Attentional effects of negative faces: Top-down contingent or involuntary?
Recent research has substantiated that schematic negative faces are found more efficiently than positive faces among crowds of distractor faces of varying set sizes. The present study asks whether this relative search asymmetry (RSA) is intention driven or due to involuntary attentional capture. To that aim, participants were first tested in a condition in which negative and positive faces were searched for, and then in a condition in which negative or positive schematic faces appeared at chance level at the position of the target (valid trials) or of a distractor (invalid trials), the faces thus being task irrelevant (the 1/n paradigm). The expected search benefit for valid negative-face target trials most clearly occurred when participants searched for a target defined by a conjunction of color and position; when the target was defined either by an orientation or color singleton, we found rather weak or no evidence for involuntary attention capture by negative faces. We see the results as being (1) evidence that the RSA is partly based on stimulus-driven factors that occur independently of the intention to search for a positive or negative face, and (2) consistent with the assumption that the effects are mainly due to a more efficient rejection of positive-face than of negative-face distractors, rather than being due to attentional capture by the target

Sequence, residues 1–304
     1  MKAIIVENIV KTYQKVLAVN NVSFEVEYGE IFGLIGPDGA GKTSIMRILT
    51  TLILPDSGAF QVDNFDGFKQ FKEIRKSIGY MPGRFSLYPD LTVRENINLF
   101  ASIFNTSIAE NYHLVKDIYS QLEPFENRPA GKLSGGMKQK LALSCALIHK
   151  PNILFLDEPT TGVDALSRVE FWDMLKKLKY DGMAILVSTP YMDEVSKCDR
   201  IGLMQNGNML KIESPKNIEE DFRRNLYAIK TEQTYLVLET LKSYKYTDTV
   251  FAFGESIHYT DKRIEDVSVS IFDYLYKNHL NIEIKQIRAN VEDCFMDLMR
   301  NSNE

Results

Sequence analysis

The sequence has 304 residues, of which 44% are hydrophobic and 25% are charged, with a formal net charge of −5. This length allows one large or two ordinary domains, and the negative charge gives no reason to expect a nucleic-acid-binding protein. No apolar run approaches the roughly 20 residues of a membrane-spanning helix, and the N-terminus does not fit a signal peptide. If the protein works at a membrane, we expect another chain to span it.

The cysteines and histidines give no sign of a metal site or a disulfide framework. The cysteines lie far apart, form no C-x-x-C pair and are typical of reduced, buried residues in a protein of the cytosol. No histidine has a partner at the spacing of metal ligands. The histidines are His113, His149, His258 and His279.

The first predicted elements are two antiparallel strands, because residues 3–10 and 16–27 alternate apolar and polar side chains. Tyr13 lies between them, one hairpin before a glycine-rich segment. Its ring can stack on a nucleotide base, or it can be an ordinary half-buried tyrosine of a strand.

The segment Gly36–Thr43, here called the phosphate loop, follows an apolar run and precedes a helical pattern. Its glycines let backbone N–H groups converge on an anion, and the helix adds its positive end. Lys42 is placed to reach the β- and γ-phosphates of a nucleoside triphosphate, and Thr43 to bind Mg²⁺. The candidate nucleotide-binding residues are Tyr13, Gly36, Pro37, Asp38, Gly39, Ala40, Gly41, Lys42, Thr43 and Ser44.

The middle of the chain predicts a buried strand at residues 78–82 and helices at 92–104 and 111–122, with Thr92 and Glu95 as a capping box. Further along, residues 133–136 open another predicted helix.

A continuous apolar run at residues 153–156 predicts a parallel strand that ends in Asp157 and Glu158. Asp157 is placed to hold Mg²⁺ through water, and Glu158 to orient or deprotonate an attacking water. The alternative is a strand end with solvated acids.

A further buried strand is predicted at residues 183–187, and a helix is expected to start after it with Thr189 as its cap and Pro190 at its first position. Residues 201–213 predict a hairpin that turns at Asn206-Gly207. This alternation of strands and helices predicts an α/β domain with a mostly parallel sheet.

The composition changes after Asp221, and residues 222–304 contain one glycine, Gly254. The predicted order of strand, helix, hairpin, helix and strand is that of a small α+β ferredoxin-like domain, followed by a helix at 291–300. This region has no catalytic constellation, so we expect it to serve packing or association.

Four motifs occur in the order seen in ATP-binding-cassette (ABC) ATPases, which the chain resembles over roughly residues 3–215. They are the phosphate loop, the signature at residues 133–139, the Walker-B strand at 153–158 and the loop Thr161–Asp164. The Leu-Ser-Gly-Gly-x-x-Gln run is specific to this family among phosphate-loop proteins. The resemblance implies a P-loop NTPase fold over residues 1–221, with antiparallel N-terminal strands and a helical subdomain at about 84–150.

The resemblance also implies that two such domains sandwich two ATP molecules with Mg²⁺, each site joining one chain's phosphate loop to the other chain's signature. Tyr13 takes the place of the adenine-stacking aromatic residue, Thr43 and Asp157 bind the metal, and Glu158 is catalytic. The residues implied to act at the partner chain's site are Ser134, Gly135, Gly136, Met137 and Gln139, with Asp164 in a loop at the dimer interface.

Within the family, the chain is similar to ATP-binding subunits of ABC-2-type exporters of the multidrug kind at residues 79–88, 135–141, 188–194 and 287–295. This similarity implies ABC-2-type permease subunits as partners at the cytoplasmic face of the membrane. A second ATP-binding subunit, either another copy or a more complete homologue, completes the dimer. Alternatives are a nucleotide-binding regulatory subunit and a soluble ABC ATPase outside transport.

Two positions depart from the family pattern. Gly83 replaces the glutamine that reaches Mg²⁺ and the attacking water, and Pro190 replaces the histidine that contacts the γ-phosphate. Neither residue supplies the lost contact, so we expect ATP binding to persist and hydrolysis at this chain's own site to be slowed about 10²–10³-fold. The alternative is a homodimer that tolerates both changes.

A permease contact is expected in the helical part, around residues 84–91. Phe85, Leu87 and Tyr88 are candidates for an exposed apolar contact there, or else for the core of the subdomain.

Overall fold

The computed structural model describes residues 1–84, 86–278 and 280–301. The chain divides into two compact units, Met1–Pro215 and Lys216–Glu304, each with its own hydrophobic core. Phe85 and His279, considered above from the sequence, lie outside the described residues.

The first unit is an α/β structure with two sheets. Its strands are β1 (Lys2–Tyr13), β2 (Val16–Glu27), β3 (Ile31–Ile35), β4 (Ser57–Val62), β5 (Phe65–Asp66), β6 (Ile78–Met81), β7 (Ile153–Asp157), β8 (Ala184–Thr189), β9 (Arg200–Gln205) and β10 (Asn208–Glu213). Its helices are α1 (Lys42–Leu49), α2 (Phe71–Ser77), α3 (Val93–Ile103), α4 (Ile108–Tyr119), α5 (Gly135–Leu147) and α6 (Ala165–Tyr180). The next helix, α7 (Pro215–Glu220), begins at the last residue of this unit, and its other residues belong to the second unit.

- Attentional effects of negative faces: Top-down contingent or involuntary?
Perception & Psychophysics
Volume 70, Issue 8 , pp 1416-1434
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